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Rescuers successfully refloated and released 32 of the whales into deep water outside Macquarie Harbour on Thursday.

Australian rescuers have battled to refloat the last surviving pilot whales from a mass stranding that killed nearly 200 of the animals on a beach in remote western Tasmania.

Fewer than 10 of the black mammals were still alive on Friday on Ocean Beach, north of Macquarie Harbour, state wildlife services said.

Rescuers had successfully refloated and released 32 pilot whales into deep water outside Macquarie Harbour on Thursday, though several of the animals were re-stranded on the beach overnight, the Tasmania Parks and Wildlife Service said in a statement on Friday.

“The aim is to refloat and release the remaining live whales today,” the service said, adding that cold and rainy conditions on the beach were helping to “keep the animals comfortable”.

“Once the rescue stage is complete, the team will focus on the removal and disposal of about 200 deceased whales,” the service said.

Under drizzle on Friday, marine wildlife experts had begun to wind down the days-long rescue operation that started after the large pod of pilot whales became stranded on the beach on Wednesday.

Brendon Clark, incident controller with the Tasmania Parks and Wildlife Service, said three whales had yet to be reached because of their remote location on the shore and the difficult tidal conditions.

“The priority still is the rescue and release of those remaining animals and any others that we identify that re-strand,” he said.

Wildlife workers used a forklift to drag the carcasses of the deceased whales to a collection point on the beach. The animals will be disposed of at sea. Left in shallow waters or on the beach, the carcasses could attract sharks and can also carry disease.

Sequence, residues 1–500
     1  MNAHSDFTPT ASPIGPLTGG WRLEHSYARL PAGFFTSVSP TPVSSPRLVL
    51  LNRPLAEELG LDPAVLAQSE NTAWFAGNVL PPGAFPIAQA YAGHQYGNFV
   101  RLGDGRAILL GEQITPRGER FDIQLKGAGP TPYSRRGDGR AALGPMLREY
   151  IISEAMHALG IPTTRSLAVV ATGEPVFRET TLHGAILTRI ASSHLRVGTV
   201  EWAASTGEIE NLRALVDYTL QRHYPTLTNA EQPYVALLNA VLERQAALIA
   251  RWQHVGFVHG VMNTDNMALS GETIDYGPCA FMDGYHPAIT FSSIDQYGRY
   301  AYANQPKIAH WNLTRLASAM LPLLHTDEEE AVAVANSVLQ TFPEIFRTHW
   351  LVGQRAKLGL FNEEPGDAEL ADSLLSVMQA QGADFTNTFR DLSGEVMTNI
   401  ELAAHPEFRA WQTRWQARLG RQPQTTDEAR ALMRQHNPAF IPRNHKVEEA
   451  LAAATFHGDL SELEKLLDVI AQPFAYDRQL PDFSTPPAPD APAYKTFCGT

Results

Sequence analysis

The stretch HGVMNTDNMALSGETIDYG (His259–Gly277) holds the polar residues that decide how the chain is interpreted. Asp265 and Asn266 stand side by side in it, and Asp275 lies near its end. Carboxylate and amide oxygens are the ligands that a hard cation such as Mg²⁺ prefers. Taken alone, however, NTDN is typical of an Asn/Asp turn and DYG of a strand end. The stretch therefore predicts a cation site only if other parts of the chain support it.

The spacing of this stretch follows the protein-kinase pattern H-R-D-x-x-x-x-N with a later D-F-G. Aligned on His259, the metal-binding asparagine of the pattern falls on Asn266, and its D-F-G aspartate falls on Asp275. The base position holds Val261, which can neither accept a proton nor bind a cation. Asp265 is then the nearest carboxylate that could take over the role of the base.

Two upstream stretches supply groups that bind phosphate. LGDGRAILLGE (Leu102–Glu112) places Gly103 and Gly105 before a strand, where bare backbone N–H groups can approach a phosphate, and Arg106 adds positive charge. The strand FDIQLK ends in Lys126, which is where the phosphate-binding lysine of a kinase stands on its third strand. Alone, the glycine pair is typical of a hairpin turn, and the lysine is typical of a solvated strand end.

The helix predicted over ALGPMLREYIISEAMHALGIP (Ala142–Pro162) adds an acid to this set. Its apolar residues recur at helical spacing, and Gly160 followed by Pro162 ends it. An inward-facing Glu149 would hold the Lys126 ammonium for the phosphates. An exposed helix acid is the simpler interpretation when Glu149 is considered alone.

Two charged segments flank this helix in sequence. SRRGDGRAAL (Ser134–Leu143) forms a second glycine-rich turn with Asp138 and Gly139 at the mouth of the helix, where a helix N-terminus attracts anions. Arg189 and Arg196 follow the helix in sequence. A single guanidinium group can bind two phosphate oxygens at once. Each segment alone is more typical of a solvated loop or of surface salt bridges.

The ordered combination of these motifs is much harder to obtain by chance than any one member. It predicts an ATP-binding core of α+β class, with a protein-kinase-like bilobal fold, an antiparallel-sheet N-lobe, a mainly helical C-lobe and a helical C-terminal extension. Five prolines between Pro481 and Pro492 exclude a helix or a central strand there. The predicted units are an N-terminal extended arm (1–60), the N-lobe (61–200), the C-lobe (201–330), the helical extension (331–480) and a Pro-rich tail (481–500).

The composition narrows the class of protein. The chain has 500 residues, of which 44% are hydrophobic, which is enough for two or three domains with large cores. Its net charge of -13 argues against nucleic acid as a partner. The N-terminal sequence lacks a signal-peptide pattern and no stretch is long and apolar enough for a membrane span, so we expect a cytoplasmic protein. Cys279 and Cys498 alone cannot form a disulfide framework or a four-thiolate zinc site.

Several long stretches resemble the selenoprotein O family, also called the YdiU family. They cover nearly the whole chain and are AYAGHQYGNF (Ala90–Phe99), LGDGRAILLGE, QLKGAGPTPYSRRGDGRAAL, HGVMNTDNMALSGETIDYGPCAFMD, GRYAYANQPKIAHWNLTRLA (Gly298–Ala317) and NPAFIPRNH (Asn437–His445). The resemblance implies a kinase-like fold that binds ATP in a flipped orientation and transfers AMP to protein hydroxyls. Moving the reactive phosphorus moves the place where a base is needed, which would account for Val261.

Tasmania state wildlife services personnel prepare to remove carcasses of pilot whales, numbering nearly 200, that were found beached on the west coast of Tasmania [Glenn Nicholls/AFP]
Tasmania state wildlife services personnel prepare to remove carcasses of pilot whales, numbering nearly 200, that were found beached on the west coast of Tasmania [Glenn Nicholls/AFP]

“It’s extremely sad to see these beautiful, intelligent animals on land where they are not to be,” Depha Miedecke, general manager of strategy at Tasmanian marine farming company Petuna Aquaculture, told AFP.

“We will see it right through to the end to also removing, unfortunately, the whales that have not made it,” she said.

Two years ago, Macquarie Harbour was the scene of the country’s largest-ever mass stranding, involving about 470 long-finned pilot whales who were found stuck on sandbars.

After a weeklong effort, 111 of those whales were rescued but the rest died despite the efforts of dozens of volunteers who toiled for days in Tasmania’s freezing waters to free them.

The entrance to the harbour is a notoriously shallow and dangerous channel known as Hell’s Gate.

Scientists still do not fully understand why mass strandings occur. Some have suggested pods go off track after feeding too close to shore.

Pilot whales – which can grow to more than six metres (20 feet) long – are also highly sociable, so they may follow pod-mates who stray into danger.

Others believe gently sloping beaches like those found in Tasmania confuse the whales’ sonar, making them think they are in open waters.

The latest stranding came days after a dozen young male sperm whales were reported dead in a separate mass stranding on King Island – between Tasmania and the Australian mainland.

Rescuers race to refloat surviving whales from Tasmania stranding

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